2013 (English)In: Archives of gerontology and geriatrics (Print), ISSN 0167-4943, E-ISSN 1872-6976, Vol. 58, no 1, 115-120 p.Article in journal (Refereed) Published
Abstract [en]

The purpose of the study was to examine the frequency of and reason for transfer from nursing homes to the emergency department (ED), whether these transfers led to admission to a hospital ward, and whether the transfer rate differs as a function of type of nursing home provider and to identify the frequency of avoidable hospitalizations as defined by the Swedish Association of Local Authorities and Regions (SALAR). The design was retrospective, descriptive. Data were collected in a Swedish municipality where 30,000 inhabitants are 65 years or older. Structured reviews of the electronic healthcare records were performed. Included were residents living in a nursing home age 65+, with healthcare records including documented transfers to the ED during a 9-month period in 2010. The transfer rate to the ED was 594 among a total of 431 residents (M = 1.37 each). 63% resulted in hospitalization (M = 7.12 days). Nursing home's transfer rate differed between 0.00 and 1.03 transfers/ bed and was higher for the private for-profit providers than for public/private non-profit providers. One- fourth of the transfers were caused by falls and/or injuries, including fractures. The frequency of avoidable hospitalizations was 16% among the 375 hospitalizations. The proportion of transfers to the ED ranged widely between nursing homes. The reasons for this finding ought to be explored.

 

Place, publisher, year, edition, pages
Elsevier, 2013
Keyword
Avoidable hospitalization, emergency department, hospital admission, care provider
National Category
Geriatrics
Research subject
Medical Science
Identifiers
urn:nbn:se:uu:diva-207769 (URN)10.1016/j.archger.2013.08.002 (DOI)000325984500020 ()24016467 (PubMedID)
Available from: 2013-09-18 Created: 2013-09-18 Last updated: 2017-12-06Bibliographically approved
3. Transfer of nursing home residents to emergency departments: organizational differences between nursing homes with high vs. low transfer rates
Open this publication in new window or tab >>Transfer of nursing home residents to emergency departments: organizational differences between nursing homes with high vs. low transfer rates
2017 (English)In: Nursing Open, E-ISSN 2054-1058, Vol. 4, no 1, 41-48 p.Article in journal (Refereed) Published
Abstract [en]

Aim: To explore possible factors in the organization of nursing homes that could be related to differences in the rate of transfer of residents from nursing homes to emergency department.

Design: Explorative.

Method: In a single municipality, qualitative and quantitative data were collected from documents and through semi-structured interviews with 11 RNs from five nursing homes identified as having the highest vs. six identified as having the lowest transfer rates to emergency department. Data were analysed by non-parametric tests and basic content analysis.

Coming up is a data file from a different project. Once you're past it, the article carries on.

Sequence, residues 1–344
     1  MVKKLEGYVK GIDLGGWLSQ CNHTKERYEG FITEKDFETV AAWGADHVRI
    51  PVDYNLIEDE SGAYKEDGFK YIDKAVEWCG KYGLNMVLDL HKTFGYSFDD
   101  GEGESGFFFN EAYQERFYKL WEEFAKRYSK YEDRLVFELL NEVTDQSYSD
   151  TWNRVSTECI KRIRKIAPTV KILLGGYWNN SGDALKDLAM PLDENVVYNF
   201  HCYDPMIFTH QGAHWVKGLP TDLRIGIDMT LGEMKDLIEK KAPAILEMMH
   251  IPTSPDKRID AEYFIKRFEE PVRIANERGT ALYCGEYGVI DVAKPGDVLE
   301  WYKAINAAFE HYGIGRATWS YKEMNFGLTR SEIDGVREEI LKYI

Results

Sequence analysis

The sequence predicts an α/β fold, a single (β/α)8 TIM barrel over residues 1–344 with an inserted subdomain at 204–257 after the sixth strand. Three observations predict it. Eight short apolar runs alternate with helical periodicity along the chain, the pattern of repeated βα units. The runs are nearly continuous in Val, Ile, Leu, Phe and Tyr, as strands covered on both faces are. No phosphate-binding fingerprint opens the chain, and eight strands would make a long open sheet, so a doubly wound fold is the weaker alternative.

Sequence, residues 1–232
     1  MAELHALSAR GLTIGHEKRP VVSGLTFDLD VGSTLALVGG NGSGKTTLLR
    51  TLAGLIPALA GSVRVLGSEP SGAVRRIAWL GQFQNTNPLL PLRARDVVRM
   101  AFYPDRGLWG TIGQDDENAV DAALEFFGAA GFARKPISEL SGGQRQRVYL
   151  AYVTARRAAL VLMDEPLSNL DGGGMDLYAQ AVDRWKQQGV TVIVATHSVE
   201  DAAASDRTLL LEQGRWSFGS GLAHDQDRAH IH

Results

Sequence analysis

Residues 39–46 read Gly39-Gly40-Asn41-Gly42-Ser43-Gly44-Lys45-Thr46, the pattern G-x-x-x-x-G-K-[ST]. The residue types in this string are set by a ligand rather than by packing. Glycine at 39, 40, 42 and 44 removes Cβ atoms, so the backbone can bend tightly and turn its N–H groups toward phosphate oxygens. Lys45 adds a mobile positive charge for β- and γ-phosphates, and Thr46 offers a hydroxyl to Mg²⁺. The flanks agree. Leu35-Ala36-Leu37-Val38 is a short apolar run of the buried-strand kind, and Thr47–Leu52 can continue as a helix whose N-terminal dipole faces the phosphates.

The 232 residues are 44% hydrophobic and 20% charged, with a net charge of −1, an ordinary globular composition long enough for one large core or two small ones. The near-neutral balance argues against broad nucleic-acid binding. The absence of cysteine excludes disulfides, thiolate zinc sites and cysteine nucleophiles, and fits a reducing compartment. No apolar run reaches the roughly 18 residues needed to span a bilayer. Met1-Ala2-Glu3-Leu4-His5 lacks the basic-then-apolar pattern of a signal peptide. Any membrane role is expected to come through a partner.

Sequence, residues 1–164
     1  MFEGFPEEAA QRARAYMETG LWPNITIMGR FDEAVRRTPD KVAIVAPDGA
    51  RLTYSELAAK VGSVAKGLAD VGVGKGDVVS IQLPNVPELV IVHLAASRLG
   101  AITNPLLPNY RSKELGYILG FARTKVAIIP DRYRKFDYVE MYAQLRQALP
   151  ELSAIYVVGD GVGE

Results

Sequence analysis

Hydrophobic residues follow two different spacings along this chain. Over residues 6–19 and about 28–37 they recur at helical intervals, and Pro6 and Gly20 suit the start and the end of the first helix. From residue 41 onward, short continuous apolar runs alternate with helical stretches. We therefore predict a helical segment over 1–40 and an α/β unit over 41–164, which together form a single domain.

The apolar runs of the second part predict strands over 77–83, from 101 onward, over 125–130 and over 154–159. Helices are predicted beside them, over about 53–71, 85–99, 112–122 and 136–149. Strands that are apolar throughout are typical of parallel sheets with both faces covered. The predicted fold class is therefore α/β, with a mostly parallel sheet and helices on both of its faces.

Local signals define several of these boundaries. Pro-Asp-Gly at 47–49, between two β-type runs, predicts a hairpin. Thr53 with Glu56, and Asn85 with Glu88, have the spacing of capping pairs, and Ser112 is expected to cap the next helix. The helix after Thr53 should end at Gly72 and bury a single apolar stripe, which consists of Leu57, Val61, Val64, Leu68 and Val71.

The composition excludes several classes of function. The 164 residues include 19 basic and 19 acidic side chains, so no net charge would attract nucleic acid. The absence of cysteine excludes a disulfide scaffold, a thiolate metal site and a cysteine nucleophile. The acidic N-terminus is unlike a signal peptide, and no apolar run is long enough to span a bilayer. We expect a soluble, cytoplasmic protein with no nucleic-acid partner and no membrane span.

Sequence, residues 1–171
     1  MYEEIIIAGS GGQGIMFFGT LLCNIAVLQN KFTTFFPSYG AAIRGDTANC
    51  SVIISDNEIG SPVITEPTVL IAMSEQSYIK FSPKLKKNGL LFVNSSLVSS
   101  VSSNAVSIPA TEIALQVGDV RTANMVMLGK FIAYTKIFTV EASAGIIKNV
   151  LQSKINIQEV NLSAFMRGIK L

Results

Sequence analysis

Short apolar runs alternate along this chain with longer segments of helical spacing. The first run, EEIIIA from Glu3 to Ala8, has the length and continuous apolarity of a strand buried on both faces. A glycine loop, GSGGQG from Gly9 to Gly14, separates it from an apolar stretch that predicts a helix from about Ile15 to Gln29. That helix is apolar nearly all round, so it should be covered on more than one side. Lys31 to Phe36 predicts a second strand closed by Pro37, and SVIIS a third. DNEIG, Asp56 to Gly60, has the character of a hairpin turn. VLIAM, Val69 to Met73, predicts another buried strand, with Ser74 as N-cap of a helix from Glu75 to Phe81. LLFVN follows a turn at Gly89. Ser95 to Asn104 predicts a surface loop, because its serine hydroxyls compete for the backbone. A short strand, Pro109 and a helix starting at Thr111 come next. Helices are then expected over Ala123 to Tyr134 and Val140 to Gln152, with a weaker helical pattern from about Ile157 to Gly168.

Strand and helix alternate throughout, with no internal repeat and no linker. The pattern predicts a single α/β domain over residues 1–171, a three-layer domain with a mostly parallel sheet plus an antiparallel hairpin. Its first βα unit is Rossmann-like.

Results: All nursing homes in the highest transfer rate group and one in the lowest transfer rate group were run by private for-profit providers. Compared with the low group, the high group had fewer updated advance care plans and the RNs interviewed had less work experience in care of older people and less training in care of persons with dementia. There was no difference in nursing home size or staff/resident ratio. The RNs described similar possibilities to provide palliative care, medical equipment and perceived medical support from GPs.

Keyword
advance care planning, avoidable hospitalization, geriatric nursing, hospital admission, nursing homes, organization and administration
National Category
Clinical Medicine Nursing
Identifiers
urn:nbn:se:uu:diva-259340 (URN)10.1002/nop2.68 (DOI)000390566200005 ()
Available from: 2015-07-31 Created: 2015-07-31 Last updated: 2017-12-04Bibliographically approved
4. General practitioners' experiences as nursing home medical consultants
Open this publication in new window or tab >>General practitioners' experiences as nursing home medical consultants
2017 (English)In: Scandinavian Journal of Caring Sciences, ISSN 0283-9318, E-ISSN 1471-6712, Vol. 31, no 1, 37-44 p.Article in journal (Refereed) Published
Abstract [en]

OBJECTIVE:

To describe general practitioners' experiences of being the principal physician responsible for a nursing home.

METHOD:

Fifteen general practitioners assigned to a nursing home participated in semi-structured qualitative interviews. Data were analysed using systematic text condensation.

RESULT:

Medical assessment is the main duty of general practitioners. Advance care planning together with residents and family members facilitates future decisions on medical treatment and end-of-life care. Registered Nurses' continuity and competence are perceived as crucial to the quality of care, but inadequate staffing, lack of medical equipment and less-than-optimal IT systems for electronic healthcare records are impediments to patient safety.

CONCLUSION:

The study highlights the importance of advance care planning together with residents and family members in facilitating future decisions on medical treatment and end-of-life care. To meet the increasing demands for more complex medical treatment at nursing homes and to provide high-quality palliative care, there would seem to be a need to increase Registered Nurses' staffing and acquire more advanced medical equipment, as well as to create better possibilities for Registered Nurses and general practitioners to access each other's healthcare record systems.

Keyword
Advance care planning, general practitioners
National Category
Nursing
Research subject
Medical Science
Identifiers
urn:nbn:se:uu:diva-300896 (URN)10.1111/scs.12310 (DOI)000394988700004 ()
Available from: 2016-08-15 Created: 2016-08-15 Last updated: 2017-04-19Bibliographically approved